Part of the promise of sports data journalism is the ability to use data from an event to enrich the reporting of that event. One of the widely used graphical devices used in motor racing is the lap chart, which shows the relative positions of each car at the end of each lap:
Another, more complex chart, and one that can be quite hard to read when you first come across it, is the race history chart, which shows the laptime of each car relative to the average laptime (calculated over the whole of the race) of the race winner:
(Great examples of how to read a race history charts can be found on the IntelligentF1 blog. For the general case, see The IntelligentF1 model.)
Both of these charts can be used to illustrate the progression of a race, and even in some cases to identify stories that might otherwise have been missed (particularly races amongst back markers, for example). For Olympics events particularly, where reporting is often at a local level (national and local press reporting on the progression of their athletes, as well as the winning athletes), timing data may be one of the few sources available for finding out what actually happened to a particular competitor who didn’t feature in coverage that typically focusses on the head of the race.
I’ve also experimented with some other views, including a race summary chart that captures the start position, end of first lap position, final position and range of positions held at the end of each lap by each driver:
One of the ways of using this chart is as a quick summary of the race position chart, as well as a tool for highlighting possible “driver of the day” candidates.
A rich lap chart might also be used to convey information about the distance between cars as well as their relative positions. Here’s one experiment I tried (using Gephi to visualise the data) in which node size is proportional to time to car in front and colour is related to time to car behind (red is hot – car behind is close):
(You might also be able to imagine a variant of this chart where we fix the y-value so each row shows data relating to one particular driver. Looking along a row then allows us to see how exciting a race they had.)
All of these charts can be calculated from lap time data. Some of them can be calculated from data describing the position held by each competitor at the end of each lap. But whatever the case, the data is what drives the visualisation.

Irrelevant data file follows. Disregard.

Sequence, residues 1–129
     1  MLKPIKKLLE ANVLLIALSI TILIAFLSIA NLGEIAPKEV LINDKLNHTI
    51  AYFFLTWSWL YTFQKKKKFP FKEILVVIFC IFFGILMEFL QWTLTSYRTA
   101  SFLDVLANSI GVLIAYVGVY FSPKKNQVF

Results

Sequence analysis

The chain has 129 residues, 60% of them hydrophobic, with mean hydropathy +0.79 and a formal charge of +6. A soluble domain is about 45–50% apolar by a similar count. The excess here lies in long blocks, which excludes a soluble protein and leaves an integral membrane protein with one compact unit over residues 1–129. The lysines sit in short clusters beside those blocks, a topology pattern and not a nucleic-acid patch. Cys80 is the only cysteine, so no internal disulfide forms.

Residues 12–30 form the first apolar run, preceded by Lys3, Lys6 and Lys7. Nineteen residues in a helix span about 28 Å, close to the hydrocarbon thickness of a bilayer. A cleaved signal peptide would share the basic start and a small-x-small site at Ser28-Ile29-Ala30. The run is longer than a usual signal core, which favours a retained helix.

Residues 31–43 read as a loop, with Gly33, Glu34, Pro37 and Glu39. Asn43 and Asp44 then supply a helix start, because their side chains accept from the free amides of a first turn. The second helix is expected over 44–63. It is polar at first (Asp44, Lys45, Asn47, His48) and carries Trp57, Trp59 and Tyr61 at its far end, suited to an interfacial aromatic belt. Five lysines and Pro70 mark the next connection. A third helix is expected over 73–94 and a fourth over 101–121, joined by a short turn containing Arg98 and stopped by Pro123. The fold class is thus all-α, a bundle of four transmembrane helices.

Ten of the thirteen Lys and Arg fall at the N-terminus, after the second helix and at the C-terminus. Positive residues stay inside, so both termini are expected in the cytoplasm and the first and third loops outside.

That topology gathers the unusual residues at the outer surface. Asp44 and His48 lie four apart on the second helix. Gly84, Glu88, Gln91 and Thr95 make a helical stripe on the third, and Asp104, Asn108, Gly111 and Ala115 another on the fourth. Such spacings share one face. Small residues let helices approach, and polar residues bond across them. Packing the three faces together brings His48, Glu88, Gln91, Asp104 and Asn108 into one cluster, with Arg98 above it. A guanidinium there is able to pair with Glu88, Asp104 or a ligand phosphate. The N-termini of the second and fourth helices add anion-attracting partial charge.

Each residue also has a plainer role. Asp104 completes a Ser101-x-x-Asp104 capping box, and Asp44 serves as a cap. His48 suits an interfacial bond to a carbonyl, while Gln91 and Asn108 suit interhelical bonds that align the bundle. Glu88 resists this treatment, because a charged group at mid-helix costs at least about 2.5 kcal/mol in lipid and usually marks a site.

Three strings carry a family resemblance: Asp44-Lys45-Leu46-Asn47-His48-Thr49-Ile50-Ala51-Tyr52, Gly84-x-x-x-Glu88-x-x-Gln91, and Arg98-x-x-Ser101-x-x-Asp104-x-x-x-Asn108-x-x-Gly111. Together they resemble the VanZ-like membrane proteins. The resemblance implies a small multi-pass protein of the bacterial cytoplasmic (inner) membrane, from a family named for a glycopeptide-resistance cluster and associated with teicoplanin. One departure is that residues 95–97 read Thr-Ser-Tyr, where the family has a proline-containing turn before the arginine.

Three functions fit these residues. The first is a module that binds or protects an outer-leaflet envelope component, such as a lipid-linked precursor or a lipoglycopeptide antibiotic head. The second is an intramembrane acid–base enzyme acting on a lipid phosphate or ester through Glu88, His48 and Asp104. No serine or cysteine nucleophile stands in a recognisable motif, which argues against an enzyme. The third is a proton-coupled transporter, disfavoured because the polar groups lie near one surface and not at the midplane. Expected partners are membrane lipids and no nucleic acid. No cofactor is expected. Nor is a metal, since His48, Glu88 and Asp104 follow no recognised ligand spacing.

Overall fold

A little bit of me had been hoping that laptime data for Olympics track, swimming and cycling events might be available somewhere, but if it is, I haven’t found a reliable source yet. What I did find encouraging, though, was that the New York Times, (in many ways one of the organisations that is seeing the value of using visualised data-driven storytelling in its daily activities) did make some split time data available – and was putting it to work – in the swimming events:
Here, the NYT have given split data showing the times achieved in each leg by the relay team members, along with a lap chart that has a higher level of detail, showing the position of each team at the end of each 50m length (I think?!). The progression of each of the medal winners is highlighted using an appropriate colour theme.
[Here’s an insight from @kevinQ about how the New York Times dataviz team put this graphic together: Shifts in rankings. Apparently, they’d done similar views in previous years using a Flash component, but the current iteration uses d3.js]
The chart provides an illustration that can be used to help a reporter identify different stories about how the race progressed, whether or not it is included in the final piece. The graphic can also be used as a sidebar illustration of a race report.
Lap charts also lend themselves to interactive views, or highlighted customisations that can be used to illustrate competition between selected individuals – here’s another F1 example, this time from the f1fanatic blog:
(I have to admit, I prefer this sort of chart with greyed options for the unhighlighted drivers because it gives a better sense of the position churn that is happening elsewhere in the race.)
Of course, without the data, it can be difficult trying to generate these charts…
…which is to say: if you know where lap data can be found for any of the Olympics events, please post a link to the source in the comments below:-)
PS for an example of the lapcharting style used to track the hole by hole scoring across a multi-round golf tournament, see Andy Cotgreave’s Golf Analytics.